If your sales process collects all of the information you know is needed and can result in a completed sale, then your sales process is a success! Congratulations! Now that you’re done building the perfect workflow, I have to ask: How are your end users enjoying the experience?
It’s easy to get lost in the core steps of your sales process and forget that in the end it’s not run by software, but rather by people. The process you established could actually be making things more challenging for your users and that can have some big repercussions. No matter how improved the process may seem we all have to remember that we are deeply integrated into building complex sales systems and we know the excruciating detail as to why every decision was made.
People naturally hate change. Users who were used to their old way of doing things are coming in without any understanding of why the change was necessary or the journey it took to reach the end product. Regardless of how improved the process may be their initial reaction will always come with a certain amount of fear. You never get a second chance for a first impression, so you better be putting your best foot forward.
Ask yourself the following questions about your sales process:
- Am I providing the shortest possible path to the user’s goals?
- Does the user always know where they are in the process?
- Are there any dead ends that the user can’t escape?
- Can the user access helpful documentation when needed?
- Does the process make their job easier or more difficult?
These outline some of the most common points of failure within a process. Before launching any process you should remove as many of these roadblocks as possible to give the user the best experience possible, otherwise that first impression will be a terrible one. Improving this experience will reduce the time they spend in the software and increase the amount of work they can do within it. The ability to close a sale is based on a large number of factors that can be out of our control, but the better we can enable and equip salespeople, the more likely they are to succeed.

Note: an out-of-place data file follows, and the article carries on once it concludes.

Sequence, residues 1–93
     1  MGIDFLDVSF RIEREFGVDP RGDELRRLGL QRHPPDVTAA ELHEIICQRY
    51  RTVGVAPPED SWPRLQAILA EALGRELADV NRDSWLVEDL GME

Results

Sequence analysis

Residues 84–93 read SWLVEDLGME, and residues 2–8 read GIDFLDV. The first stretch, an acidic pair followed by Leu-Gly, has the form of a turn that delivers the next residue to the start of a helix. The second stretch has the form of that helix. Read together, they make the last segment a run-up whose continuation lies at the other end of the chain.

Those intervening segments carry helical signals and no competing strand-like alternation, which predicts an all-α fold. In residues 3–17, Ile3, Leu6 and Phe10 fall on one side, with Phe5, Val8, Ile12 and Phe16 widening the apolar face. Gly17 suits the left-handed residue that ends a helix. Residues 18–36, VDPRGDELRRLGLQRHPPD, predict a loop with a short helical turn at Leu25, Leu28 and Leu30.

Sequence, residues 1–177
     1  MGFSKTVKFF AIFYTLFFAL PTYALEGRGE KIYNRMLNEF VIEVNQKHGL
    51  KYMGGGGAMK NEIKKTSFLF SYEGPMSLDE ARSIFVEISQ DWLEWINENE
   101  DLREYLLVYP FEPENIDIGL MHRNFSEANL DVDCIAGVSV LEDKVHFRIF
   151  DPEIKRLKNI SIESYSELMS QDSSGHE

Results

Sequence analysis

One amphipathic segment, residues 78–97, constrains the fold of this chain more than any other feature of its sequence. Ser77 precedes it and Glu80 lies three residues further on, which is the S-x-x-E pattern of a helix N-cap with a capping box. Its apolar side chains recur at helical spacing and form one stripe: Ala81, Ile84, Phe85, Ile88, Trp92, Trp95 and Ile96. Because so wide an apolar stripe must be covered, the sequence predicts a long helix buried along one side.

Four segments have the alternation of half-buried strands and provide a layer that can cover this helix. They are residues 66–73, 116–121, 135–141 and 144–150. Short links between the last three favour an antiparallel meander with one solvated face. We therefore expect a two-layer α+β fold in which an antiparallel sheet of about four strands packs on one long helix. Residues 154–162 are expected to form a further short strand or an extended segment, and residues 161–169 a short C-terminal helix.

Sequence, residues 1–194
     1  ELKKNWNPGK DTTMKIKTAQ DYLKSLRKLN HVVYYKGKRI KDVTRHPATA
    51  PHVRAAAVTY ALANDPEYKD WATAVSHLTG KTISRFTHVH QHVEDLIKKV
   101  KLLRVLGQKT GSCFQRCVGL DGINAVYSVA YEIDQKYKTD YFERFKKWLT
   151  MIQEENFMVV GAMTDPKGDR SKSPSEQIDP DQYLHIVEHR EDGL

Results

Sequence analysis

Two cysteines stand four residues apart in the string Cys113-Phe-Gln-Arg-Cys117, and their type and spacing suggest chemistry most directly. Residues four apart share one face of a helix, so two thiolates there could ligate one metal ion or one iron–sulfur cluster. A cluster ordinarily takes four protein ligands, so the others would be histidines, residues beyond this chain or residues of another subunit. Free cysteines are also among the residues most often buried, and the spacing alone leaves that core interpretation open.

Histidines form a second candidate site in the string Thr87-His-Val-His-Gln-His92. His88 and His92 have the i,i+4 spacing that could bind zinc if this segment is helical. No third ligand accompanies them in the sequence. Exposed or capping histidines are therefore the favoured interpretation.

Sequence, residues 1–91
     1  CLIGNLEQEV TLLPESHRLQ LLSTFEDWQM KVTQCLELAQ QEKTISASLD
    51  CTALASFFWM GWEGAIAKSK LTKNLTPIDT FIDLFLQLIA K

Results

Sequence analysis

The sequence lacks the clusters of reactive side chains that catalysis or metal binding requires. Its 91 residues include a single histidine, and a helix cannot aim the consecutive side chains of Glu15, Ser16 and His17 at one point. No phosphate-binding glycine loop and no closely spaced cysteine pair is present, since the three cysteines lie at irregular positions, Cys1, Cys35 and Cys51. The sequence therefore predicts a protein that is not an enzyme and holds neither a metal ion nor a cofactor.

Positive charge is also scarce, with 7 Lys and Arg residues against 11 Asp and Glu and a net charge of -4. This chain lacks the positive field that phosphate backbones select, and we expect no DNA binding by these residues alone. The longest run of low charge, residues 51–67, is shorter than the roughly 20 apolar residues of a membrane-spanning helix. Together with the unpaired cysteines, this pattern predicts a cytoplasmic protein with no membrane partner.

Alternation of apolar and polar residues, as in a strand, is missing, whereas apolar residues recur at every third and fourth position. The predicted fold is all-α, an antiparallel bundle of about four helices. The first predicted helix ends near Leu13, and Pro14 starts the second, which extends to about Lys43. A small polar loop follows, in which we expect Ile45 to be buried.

Whether you have an existing platform or you’re in the planning stages you can utilize user experience research to help improve it’s effectiveness. User experience research commonly involves in-depth discussions with key stakeholders, interface prototyping, and user testing. Through this process you can begin to zero-in on a natural flow for your software which will elegantly move the user from start to finish. This research will help guide you towards an end product that is widely endorsed by key stakeholders and helps the user do their job more effectively.
If you’re interested in learning more about usability, I recommend reading Don’t Make Met Think by Steve Krug. For a more in-depth look at Usability Research, I’d recommend Universal Methods of Design by Bella Martin and Bruce Harrington.